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There came a man named John who came to witness that the light, the true light that gives light to every man, was coming into the world.” John1: 6-9

My husband and I were a little more than twenty years old, had a VW Beetle, some savings, money in our pockets, a few clothes and military discharge papers. We were homeless and jobless, but it did not seem that way to us. We left San Antonio, Texas heading west for San Francisco, Seattle and eventually Wisconsin where we planned to settle down. Gasoline was eighteen cents a gallon and the cost to stay in a AAA motel was forty dollars a night. Our formal education and military service behind us, we were about to start on the rest of our lives. This trip and many to follow hold wonderful memories but the special one on this adventure happened on the infamous Route 66, Gallup, New Mexico’s main street. We stopped at one of the many places that advertised Indian Art and found ourselves the only customers in a Southwestern Indian Art Gallery.

The owner took us through the building explaining Indian Art. Sharing, in detail, the history and creative process of weaving, pottery and jewelry; telling about the special clays that are needed; about dyes obtained from natural sources for glazes; how the potter is able to begin a design on one side of a bowl and come out even at the other; how different pottery styles come from different Pueblos; how turquoise is cut and saved by size through a series of screens below the cutting table so that nothing is lost; how wool is raised, dyed and spun; how a rug might be over a year wound up on the loom but the beginning pattern, though it is no longer in view, is correctly repeated at the end; how a thread of the wrong color is woven in somewhere because only God can make something that is perfect. The experience was the beginning of my appreciation for Native American Art.

I took away with me a little black tortoise from the Santa Clara Pueblo that eventually joined, on a shelf, a Rosenthal Laughing Rabbit purchased later in Germany. Art from two truly diverse cultures that make me think of the story of the Tortoise and the Hare. They remind me that it is important to appreciate that differences need not be different. That together differences can be complimentary. Patience pays off.

In later years we marveled over Totem Poles made from trees in the very wet culture of Alaska and British Columbia. Art of the First People as they are called. Their culture so different from the arid southwest. In the Midwest are the Sioux with stunning bead work, an expression of their art. Art as it relates to Creation as they experience it. I am fascinated by stories and myths of Creation and Native American wisdom.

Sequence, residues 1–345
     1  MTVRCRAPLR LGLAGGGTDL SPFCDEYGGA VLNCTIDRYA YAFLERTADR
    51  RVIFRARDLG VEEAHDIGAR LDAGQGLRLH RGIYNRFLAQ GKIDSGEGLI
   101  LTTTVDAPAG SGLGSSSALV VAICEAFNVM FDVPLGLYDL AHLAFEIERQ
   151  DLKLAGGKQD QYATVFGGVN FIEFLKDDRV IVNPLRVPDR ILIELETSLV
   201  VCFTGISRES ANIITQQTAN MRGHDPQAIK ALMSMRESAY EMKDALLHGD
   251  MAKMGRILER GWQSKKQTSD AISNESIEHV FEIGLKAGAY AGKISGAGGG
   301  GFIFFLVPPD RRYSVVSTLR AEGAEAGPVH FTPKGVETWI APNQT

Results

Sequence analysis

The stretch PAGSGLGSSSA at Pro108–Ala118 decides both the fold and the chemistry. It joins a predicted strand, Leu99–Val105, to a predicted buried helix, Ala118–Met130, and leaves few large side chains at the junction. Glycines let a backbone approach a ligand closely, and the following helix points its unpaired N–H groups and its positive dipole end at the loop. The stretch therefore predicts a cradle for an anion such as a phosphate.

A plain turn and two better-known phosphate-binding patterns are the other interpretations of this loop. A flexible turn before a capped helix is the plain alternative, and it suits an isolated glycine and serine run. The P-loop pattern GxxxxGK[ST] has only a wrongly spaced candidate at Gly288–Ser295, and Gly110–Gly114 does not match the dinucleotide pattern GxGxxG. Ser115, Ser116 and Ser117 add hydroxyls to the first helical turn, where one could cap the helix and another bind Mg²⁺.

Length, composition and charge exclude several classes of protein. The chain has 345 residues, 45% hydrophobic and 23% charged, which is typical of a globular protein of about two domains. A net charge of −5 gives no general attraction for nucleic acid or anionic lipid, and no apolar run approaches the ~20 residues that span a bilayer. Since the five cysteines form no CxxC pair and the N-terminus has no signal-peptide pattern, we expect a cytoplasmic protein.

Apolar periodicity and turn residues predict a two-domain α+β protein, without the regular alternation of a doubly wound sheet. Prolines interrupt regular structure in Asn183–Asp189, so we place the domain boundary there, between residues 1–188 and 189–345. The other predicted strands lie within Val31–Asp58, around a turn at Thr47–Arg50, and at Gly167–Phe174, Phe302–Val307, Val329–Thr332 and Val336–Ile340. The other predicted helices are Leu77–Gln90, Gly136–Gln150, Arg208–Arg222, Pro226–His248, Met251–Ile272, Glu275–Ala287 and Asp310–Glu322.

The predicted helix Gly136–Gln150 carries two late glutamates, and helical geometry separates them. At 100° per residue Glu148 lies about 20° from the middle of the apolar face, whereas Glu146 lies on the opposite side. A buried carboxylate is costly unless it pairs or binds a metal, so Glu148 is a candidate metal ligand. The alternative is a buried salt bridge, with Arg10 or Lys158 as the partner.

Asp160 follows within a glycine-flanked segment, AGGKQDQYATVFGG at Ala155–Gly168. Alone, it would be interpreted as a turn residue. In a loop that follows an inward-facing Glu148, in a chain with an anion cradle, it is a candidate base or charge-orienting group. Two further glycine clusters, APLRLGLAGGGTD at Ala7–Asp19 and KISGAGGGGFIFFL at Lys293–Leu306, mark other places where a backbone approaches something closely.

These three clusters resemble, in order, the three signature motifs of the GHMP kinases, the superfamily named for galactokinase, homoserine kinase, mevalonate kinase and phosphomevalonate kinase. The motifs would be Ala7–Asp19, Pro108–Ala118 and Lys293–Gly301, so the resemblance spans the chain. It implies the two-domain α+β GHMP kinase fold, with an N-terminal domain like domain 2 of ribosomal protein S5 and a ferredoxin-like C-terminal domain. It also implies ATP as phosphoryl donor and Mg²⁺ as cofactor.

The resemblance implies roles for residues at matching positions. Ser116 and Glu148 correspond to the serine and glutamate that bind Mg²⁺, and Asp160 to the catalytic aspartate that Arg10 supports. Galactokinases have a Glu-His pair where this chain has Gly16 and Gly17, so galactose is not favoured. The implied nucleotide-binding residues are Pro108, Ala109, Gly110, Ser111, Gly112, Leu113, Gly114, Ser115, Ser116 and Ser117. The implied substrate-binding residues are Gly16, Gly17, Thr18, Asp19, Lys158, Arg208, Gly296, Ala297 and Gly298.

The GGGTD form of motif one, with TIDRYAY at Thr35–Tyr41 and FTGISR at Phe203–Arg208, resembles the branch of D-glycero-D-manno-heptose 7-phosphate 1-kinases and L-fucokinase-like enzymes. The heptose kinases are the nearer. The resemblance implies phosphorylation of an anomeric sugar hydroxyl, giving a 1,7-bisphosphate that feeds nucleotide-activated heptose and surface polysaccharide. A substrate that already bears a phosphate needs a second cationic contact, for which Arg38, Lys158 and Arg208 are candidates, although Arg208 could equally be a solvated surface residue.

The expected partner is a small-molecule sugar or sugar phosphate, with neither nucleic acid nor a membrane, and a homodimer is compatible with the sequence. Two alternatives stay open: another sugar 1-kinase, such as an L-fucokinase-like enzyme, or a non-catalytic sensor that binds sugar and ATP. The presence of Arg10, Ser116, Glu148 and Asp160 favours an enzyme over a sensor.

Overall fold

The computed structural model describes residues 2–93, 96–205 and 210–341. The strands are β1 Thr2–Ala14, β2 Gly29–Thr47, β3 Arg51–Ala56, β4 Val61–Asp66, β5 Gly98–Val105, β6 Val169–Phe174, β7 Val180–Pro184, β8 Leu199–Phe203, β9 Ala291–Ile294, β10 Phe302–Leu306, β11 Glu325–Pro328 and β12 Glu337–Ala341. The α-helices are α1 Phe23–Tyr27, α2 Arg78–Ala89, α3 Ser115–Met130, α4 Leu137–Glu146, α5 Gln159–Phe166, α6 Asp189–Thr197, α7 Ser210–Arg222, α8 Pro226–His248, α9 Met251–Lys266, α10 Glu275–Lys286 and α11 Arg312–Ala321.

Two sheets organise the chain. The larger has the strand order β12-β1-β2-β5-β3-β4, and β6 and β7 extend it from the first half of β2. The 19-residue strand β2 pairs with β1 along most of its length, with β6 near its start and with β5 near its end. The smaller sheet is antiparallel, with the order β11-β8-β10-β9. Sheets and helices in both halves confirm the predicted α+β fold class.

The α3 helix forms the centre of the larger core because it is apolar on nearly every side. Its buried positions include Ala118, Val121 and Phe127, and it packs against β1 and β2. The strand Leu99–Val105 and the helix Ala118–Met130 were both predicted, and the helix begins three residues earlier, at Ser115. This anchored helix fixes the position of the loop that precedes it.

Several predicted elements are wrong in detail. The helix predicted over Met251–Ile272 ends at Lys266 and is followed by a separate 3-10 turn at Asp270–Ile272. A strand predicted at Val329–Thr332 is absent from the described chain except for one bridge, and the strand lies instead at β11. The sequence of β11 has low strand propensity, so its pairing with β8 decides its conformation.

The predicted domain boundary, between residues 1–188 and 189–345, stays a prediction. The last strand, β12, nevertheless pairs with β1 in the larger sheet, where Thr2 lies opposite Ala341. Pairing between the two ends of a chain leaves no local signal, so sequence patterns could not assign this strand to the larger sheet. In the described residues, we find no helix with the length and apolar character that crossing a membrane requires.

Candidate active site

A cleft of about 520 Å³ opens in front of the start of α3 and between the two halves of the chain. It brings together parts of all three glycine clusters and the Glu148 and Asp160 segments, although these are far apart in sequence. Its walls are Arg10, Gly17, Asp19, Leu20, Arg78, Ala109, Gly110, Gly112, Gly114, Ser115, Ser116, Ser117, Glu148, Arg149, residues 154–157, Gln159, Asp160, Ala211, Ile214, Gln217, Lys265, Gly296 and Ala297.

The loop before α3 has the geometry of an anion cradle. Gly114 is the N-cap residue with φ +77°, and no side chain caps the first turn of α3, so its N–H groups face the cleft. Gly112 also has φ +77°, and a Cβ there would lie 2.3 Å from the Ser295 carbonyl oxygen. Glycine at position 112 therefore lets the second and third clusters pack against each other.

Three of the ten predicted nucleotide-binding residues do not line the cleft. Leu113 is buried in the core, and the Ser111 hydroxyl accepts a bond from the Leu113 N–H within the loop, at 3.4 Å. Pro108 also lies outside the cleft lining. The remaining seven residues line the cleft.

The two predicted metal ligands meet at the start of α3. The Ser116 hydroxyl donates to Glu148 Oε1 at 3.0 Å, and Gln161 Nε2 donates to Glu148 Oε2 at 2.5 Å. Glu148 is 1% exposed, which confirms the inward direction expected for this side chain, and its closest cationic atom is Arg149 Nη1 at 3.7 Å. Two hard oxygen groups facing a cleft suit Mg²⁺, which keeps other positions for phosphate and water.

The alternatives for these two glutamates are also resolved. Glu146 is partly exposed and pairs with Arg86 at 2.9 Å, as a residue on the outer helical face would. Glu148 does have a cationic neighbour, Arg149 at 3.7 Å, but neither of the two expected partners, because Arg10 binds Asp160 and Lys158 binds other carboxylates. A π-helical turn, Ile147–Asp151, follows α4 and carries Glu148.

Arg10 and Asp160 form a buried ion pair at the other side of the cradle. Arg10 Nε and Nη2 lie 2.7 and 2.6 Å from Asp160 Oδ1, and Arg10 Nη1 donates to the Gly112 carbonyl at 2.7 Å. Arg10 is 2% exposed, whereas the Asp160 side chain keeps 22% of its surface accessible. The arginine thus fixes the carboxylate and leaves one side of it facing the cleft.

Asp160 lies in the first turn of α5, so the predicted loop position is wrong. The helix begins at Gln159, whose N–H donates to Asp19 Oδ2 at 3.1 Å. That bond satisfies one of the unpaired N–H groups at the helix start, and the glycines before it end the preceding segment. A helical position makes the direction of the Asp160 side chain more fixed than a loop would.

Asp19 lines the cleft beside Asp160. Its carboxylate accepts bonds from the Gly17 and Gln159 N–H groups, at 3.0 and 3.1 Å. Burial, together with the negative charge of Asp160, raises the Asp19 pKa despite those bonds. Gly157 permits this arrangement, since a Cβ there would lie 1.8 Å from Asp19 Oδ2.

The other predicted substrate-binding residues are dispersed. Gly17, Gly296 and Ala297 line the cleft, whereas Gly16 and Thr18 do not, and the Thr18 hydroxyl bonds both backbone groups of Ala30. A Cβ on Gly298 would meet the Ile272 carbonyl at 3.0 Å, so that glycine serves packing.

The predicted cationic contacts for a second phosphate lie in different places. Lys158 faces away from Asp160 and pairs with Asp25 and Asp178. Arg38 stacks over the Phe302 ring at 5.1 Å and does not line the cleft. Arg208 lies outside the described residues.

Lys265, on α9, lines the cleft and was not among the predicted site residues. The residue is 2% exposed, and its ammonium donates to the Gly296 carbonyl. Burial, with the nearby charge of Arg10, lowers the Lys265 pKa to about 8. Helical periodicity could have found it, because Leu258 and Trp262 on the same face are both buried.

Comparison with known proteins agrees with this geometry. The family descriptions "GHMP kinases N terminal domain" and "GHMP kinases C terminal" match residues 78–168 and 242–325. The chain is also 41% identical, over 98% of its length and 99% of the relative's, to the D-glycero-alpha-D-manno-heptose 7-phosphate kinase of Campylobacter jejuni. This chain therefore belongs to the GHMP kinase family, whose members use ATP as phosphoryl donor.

The oldest cemetery in my New England town is the “Indian Cemetery”, where, growing up, I would wonder about the lives of the settlers and the Indians buried there. Certainly, they had congenial relationships that did not match the old stories, I also heard, about Indian raids on the town.

Currently I am participating in a program developed by the National Episcopal Church, called Sacred Ground, designed to enable conversation about diversity in relationship to our own life stories. Last week we delved into Native American history. I am learning about the hardships white people imposed on people already living in the New World, as they set about claiming the new land for God and for themselves. Settlers who believed, as did those who later settled the indigenous peoples already there.

I am becoming more aware of how blind I am to the Divine in others. The more I learn of Celtic Spirituality, the more I realize how much we have lost in our collective blindness to one another and Creation. There is a question that troubles me. The plight of the Indian is so great, and I can do so little: What can I do?

I have chosen to make Indian charities my priority. I cannot make a huge difference but like the story of the man who, seeing Sea Stars stranded on the beach, was, one by one, throwing them back into the water. When reminded he cannot save them all, he replied, as he tossed another: “It makes a difference to that one.”

John Phillip Newell speaks, in his book Christ of the Celts, of teaching about the true light in each other that John speaks of in his Gospel. He relates a Mohawk elder, with tears in his eyes, was wondering where he would be, where his people would be, where we would be as a Western world today, if the mission that came from Europe centuries ago had come expecting to find Light in his People.


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